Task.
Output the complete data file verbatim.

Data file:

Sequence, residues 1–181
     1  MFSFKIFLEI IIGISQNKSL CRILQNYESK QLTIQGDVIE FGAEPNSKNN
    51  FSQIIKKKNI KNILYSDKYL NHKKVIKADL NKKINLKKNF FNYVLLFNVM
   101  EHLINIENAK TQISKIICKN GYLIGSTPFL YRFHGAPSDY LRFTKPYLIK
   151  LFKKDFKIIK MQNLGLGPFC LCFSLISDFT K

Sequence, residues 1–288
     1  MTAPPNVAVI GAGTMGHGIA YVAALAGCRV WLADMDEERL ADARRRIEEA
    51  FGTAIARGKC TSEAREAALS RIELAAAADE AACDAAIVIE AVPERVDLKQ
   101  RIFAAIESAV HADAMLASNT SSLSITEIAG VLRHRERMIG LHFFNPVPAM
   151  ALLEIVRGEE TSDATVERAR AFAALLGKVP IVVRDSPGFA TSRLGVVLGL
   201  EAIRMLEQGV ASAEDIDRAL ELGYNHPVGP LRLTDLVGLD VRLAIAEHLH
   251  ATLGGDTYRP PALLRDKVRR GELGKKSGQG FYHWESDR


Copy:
Sequence, residues 1–181
     1  MFSFKIFLEI IIGISQNKSL CRILQNYESK QLTIQGDVIE FGAEPNSKNN
    51  FSQIIKKKNI KNILYSDKYL NHKKVIKADL NKKINLKKNF FNYVLLFNVM
   101  EHLINIENAK TQISKIICKN GYLIGSTPFL YRFHGAPSDY LRFTKPYLIK
   151  LFKKDFKIIK MQNLGLGPFC LCFSLISDFT K

Sequence, residues 1–288
     1  MTAPPNVAVI GAGTMGHGIA YVAALAGCRV WLADMDEERL ADARRRIEEA
    51  FGTAIARGKC TSEAREAALS RIELAAAADE AACDAAIVIE AVPERVDLKQ
   101  RIFAAIESAV HADAMLASNT SSLSITEIAG VLRHRERMIG LHFFNPVPAM
   151  ALLEIVRGEE TSDATVERAR AFAALLGKVP IVVRDSPGFA TSRLGVVLGL
   201  EAIRMLEQGV ASAEDIDRAL ELGYNHPVGP LRLTDLVGLD VRLAIAEHLH
   251  ATLGGDTYRP PALLRDKVRR GELGKKSGQG FYHWESDR